BUSINESS

Without inspections, appliances can be dangerous

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A join study by Montgomery County and the Washington Suburban Sanitary Commission has concluded that most inspections on new appliances are not being done, even though customers are paying for them.

(Photo courtesy Feserc via Flickr)

When the inspections don't take place, in some cases, things can go very wrong. In once case, two people were hospitalized after improper installation of a dryer caused a Rockville home to explode.

In another case, a Fort Washington family nearly died from carbon monoxide poisoning, likely because of an improperly installed gas appliance.

"You want to know it's being done, that things are being taken care of and things you are paying for and being charged for are actually happening," resident Udoh Opiotennione says. "It's not a good thing."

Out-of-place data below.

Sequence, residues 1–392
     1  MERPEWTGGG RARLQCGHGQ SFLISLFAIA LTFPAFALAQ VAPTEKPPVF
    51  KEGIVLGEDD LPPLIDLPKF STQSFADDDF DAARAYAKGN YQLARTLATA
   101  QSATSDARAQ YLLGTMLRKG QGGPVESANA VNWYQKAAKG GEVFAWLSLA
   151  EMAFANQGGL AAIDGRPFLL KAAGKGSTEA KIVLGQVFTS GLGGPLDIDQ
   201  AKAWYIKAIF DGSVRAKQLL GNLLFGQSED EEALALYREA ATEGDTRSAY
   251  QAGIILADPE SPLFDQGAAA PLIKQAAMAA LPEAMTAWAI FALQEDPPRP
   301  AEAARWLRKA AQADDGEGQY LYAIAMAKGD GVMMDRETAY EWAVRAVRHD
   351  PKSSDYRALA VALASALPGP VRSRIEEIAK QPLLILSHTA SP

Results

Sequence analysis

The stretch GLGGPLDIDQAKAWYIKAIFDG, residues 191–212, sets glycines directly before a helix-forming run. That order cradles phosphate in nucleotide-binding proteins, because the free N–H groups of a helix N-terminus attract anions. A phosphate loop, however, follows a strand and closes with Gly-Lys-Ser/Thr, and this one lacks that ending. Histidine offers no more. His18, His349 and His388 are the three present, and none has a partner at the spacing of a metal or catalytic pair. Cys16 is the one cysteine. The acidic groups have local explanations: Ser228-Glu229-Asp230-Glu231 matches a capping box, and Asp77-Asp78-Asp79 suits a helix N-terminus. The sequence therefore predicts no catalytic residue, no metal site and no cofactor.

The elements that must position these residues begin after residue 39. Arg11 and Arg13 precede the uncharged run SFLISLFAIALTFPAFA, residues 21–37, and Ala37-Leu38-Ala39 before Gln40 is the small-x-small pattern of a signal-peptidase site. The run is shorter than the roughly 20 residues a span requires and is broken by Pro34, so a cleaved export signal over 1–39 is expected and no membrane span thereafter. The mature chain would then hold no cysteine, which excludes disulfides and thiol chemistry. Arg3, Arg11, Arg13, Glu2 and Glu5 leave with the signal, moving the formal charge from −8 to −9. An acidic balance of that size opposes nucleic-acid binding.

The report reviewed 1,250 cases and found that two-thirds of the water heaters purchased at The Home Depot, Sears and Lowes were not inspected, even though a $55 fee was paid to WSSC. The utility acknowledges that $45,870 was paid for inspections that were not done.

However, WSSC says the responsibility of scheduling the inspection falls on the plumber who installs it.

"All we know is that roughly one-third of inspections were (done)," WSSC spokesperson I.J. Hudson says.

Meanwhile, no residents that 7 On Your Side caught up with Friday had any idea that gas appliances even needed to be inspected.

"Nobody has the responsibility," resident Keith Farley said. "This money is breing paid and there's no way of monitoring this thing."

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